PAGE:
Deconstructing Public Administration Empiricism

Published date01 July 2007
Date01 July 2007
DOI10.1177/0095399707303813
Subject MatterArticles
Deconstructing Public
Administration Empiricism
Larry S. Luton
Eastern Washington University, Cheney
Like much social science empiricism, public administration empiricism
at its best recognizes that it presents probabilistic truth claims rather
than universal ones.1In doing so, public administration empiricists are (to
a degree) recognizing the tenuousness of their claim that their approach to
research is better connected to reality than research that does not adhere to
empiricist protocols. To say that one is 95% confident that a quantitative
model explains 25% of the variation being studied is not a very bold claim
about understanding reality.
They are also masking a more fundamental claim that they know an
objective reality exists. The existence of an objective reality is the essential
foundation on which empiricism relies for its claim to provide a research
approach that is superior to all others and, therefore, is in a position to set
the standards to which all research should be held (Brady & Collier, 2004;
King, Keohane, & Verba 1994). In one of the most direct expressions of this
claim, Meier (2005) has stated, “there is an objective reality” (p. 664). In
support of that claim, he referenced 28,000 infant deaths in the United
States in 2000. He went on to attribute about one-third of those deaths to an
inadequate health care system. Recognizing that the one-third figure was
conjectural, he described the suspiciously rounded 28,000 number as real.
This brief anecdote points toward the direction of my argument. This arti-
cle will not challenge the existence of an objective reality; it will take an
Administration & Society
Volume 39 Number 4
July 2007 527-544
© 2007 Sage Publications
10.1177/0095399707303813
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527
Disputatio Sine Fine
Editor’s Note: Disputatio Sine Fine has been a popular feature of A&S, but idle for several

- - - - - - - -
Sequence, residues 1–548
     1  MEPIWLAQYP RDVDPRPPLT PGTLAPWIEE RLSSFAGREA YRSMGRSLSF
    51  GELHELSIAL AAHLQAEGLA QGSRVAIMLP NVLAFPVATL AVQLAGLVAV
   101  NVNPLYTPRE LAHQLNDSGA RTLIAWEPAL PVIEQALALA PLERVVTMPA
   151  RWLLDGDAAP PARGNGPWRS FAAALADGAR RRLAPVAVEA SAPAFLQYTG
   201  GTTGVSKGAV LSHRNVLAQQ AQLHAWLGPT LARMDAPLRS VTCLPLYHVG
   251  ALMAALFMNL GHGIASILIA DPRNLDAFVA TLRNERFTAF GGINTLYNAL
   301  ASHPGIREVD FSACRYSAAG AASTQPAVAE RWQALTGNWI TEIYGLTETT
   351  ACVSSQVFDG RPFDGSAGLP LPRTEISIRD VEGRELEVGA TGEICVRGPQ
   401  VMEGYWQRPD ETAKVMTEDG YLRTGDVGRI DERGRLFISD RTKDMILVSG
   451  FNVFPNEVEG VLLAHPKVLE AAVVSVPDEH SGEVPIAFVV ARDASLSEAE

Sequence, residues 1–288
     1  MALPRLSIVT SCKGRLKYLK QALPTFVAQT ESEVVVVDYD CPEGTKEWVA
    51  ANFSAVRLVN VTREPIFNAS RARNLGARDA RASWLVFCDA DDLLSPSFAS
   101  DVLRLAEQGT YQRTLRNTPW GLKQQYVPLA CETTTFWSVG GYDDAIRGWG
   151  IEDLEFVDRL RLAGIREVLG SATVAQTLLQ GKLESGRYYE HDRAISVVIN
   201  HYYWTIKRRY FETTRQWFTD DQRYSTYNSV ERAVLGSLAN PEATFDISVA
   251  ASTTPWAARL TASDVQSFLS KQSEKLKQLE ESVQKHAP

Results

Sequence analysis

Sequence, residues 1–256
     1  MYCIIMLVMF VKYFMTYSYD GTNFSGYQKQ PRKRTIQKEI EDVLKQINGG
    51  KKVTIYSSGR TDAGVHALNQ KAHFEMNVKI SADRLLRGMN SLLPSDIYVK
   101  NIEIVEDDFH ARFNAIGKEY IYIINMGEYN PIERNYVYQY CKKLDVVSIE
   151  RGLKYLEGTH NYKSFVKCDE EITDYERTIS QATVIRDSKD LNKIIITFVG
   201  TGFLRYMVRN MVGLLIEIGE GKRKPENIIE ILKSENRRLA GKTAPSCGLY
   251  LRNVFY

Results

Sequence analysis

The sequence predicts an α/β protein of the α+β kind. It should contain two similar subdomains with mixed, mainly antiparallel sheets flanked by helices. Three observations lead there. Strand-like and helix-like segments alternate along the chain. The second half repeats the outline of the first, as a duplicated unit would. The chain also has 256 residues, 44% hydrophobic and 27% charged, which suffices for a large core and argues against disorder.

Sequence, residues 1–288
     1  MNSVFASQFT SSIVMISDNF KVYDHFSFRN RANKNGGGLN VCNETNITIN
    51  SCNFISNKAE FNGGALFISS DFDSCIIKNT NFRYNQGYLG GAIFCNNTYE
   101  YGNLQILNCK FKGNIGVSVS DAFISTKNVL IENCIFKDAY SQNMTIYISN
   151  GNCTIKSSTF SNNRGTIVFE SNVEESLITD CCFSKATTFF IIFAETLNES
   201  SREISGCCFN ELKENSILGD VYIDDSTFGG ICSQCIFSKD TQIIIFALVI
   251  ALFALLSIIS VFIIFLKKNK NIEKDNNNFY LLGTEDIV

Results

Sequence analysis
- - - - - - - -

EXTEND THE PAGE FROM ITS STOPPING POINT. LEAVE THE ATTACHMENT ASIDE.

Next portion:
issues now. It seems likely that this input from Larry Luton will bring it back to vibrancy. The
issues he raises have been simmering in the field of public administration for some time. A
frank and open discussion may be helpful to all of us. We welcome responses to it. The sub-
missions should be shorter than the typical article and may be without many of the features of
an academic article, but should be something with the qualities of scholarly dialogue, with cita-
tions if the author wishes, civil in nature, and without ad hominem argument. They will be
reviewed by the editor for such qualities, but not put through the usual process of blind reviews.
agnostic position on that question because it is unclear to me whether we
can ever be certain about such a thing. The basic argument here is that
public administration empiricists’ claims to measure reality are quite prob-
lematic. Refusing to dispute the existence of infant deaths is not the same
as conceding the accuracy of an attempt to measure them.
This article’s approach will be based on close examination of some of
the best public administration empiricist research available. It will begin by
reviewing key aspects of the empiricist claim to be connected with reality.
It will then examine those aspects by focusing on specific examples of public
administration empiricist research published in top-rank peer review acad-
emic journals—examples that most any public administration researcher
would recognize as quality work. The shortcomings found in such work
can, I think, be fairly characterized as representing typical shortcomings of
public administration empiricist research.
In addition, because the value of research depends on its ability to
address important questions (cf. Lynn, Heinrich, & Hill, 2001, p. 11), this
article will focus on research that has done so. For empiricist work to make
a significant contribution to the growth of knowledge, it needs to be
thoughtfully connected to important theories and concepts. The issues
addressed by the research examined here include red tape, representative
bureaucracy, and performance measurement. It seems unlikely that many
would question whether the concepts of red tape, representative bureau-
cracy, and performance measurement have been important ones for public
administration in the last several decades. Pandey and Scott (2002) have
identified red tape research as an area where much progress has been made
in recent decades. Meier (2005) has described the past 30 years’ work on
representative bureaucracy as “high quality empirical work” (p. 663).
Performance measurement has also specifically been recognized as an
“empirical exemplar” (Miller & Fox, 2007, p. 19).
In sum, using focused attention on three narratives, this article will suggest
that because of the tenuousness of their claim to do research that is connected
to reality, the knowledge claims of public administration empiricists are suffi-
ciently weak that the field of public administration ought not perceive them as
having set the benchmarks for quality research (cf. Gill & Meier, 2000, p. 193).
The Foundational Claims of Public
Administration Empiricists
Having granted the possibility that an objective reality exists, I begin
with the empiricist claim that their work is connected to it. At its heart, that
528 Administration & Society

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